Tenure policies have been the center of a great debate in discussions pertaining to contingent workforce program management best practices for quite some time. And legitimate arguments exist both for and against establishing a tenure policy in an organization’s CW program business engagement rules.
According to a recent SIA survey of contingent workforce management professionals, 67% of enterprise programs impose terms limits of some form. Tenure policy usage trends have risen and fallen around a small range over recent years, peaking in 2021 at 75% as the pandemic led companies to implement assignment limits on workers at a greater rate. However, uncertainty has waned since that time, which could explain the drop in the use of assignment limits to 68% in 2022 and 67% in 2023 (see accompanying chart). The most common assignment limits reported by SIA survey respondents are 18 to 23 months and 24-plus months, combining for 71% of the responses, with only 6% having a shorter assignment length limit policy of six to 11 months.
Percent of buyers with assignment limits, 2023
Source: Workforce Solutions Buyer Survey 2023
Tenure policies can have a legitimate role in the ongoing management of contingent workforce talent engagements, such as setting a point in time that engagement managers need to review the use of a specific CW talent in their business operations.
Reasons for establishing contingent talent assignment length limits can include:
- Executing the periodic business operational review of CW talent service usage;
- Preventing co-employment risk (in spite of known limited effectiveness);
- Enforcing talent retention/conversion;
- Protecting business critical talent and knowledge;
- Capturing cost-effective reassignment opportunities for proven talent skill sets; and
- Enforcing and capturing cost savings opportunities for longer-term assignments.
It is important to note tenure lengths are a very visible factor in most core government employee compliance tests in the marketplace. For example, the Department of Labor recently announced a final rule on independent contractor classification under the Fair Labor Standards Act which includes a factor pertaining to assignment length. The panoptic Darden Test includes a factor pertaining to assignment length.
While SIA’s research indicates that a significant number of CW programs do have contingent workforce engagement assignment length limits, too many of these are ineffectively installed to mitigate co-employment risks and/or to slay co-employment ghosts. More than a third of buyer respondents to SIA’s recent survey have elected not to have an assignment length limits policy. What do those buyer respondents know about tenure policies that those who have such a policy do not?
Here are some reasons for not establishing contingent talent assignment length limits:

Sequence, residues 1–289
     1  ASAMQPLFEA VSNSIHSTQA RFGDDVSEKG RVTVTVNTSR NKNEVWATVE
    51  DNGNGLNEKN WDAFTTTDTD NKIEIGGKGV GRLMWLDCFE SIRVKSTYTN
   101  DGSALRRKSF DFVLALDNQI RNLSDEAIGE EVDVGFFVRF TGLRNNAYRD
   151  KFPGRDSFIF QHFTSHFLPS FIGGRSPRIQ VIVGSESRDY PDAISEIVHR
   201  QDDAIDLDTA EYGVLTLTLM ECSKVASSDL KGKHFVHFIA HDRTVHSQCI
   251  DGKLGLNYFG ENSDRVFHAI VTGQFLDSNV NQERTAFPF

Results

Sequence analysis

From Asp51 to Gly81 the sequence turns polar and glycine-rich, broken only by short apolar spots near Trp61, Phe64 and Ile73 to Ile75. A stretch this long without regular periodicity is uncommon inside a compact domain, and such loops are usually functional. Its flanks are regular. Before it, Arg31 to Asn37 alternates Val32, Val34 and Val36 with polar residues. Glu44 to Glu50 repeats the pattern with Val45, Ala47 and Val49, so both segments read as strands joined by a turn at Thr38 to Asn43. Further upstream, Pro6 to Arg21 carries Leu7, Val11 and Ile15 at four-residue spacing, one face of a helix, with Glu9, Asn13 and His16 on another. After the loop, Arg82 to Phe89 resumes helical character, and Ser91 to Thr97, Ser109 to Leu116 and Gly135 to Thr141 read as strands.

- Tenure limits are not a major factor in courts’ co-employment rulings and thus have limited impact on mitigating co-employment risks.
- Tenure limits are difficult to enforce.
- Tenure limits potentially burden the CW engagement service with non-value-added bureaucracy.
- Tenure limits can lead to increased recruiting and training costs because of unnecessary forced turnover.
- 70% of engagements are fairly long-term anyway.
- Some engaged CW talent have hard-to-find skills, and replacing them due to term limits would be a challenge.
- Contingent talent are increasingly important in the current tight labor market.
Assignment limits can vary by occupation; some skill sets are more difficult to find/replace, higher-paying roles (like IT and legal) will often have longer assignments due to the nature of the work and the intellectual property they hold, and certain occupations with a high turnover rate and/or short assignments are less likely to set tenure limits. For example, a majority of healthcare and education organizations have no assignment limits in place for CW roles.
In many cases, the requirement for a contingent worker is temporary, associated with a specific business need with a defined beginning and end timeframe. But in a growing number of circumstances, budgetary and headcount constraints are making these business requirements longer term in nature and/or a permanent manner in which the business is conducted. It is not surprising to see some CW engagement lengths range more than five years for specific business needs, such as for long-term temporary roles.
At the end of day, tenure policies do provide value in the execution of an organization’s strategic workforce plan. A tenure policy can be used to force an employment status review of contingent worker talent. It’s been noted as “completing the try-and-buy” value of engaging a contingent worker. At some stated point in time, engagement managers need to evaluate why a specific contingent talent is not more fully integrated and secured in a full-time employment role within the organization.
It just seems logical that contingent talent who are successfully delivering highly valued skilled services should be systematically evaluated for a longer-term permanent role in the organization before their skill sets and knowledge are lost to other employers competing in the marketplace. Similar to the need to promote successful full-time talent as their value grows within an organization, contingents will take their careers elsewhere when those promotions do not emerge in a timely manner, resulting in painful turnover costs, damage to an employer’s brand and — possibly the most important — the loss of good talent that is hard to find.
Finally, perhaps a CW talent workforce evaluation policy needs to be established that does not drive specific assignment limits or forced turnover actions unless business needs and requirements are not being met; more importantly, it must focus on the competitive retention of the cost-effective skills and value being delivered.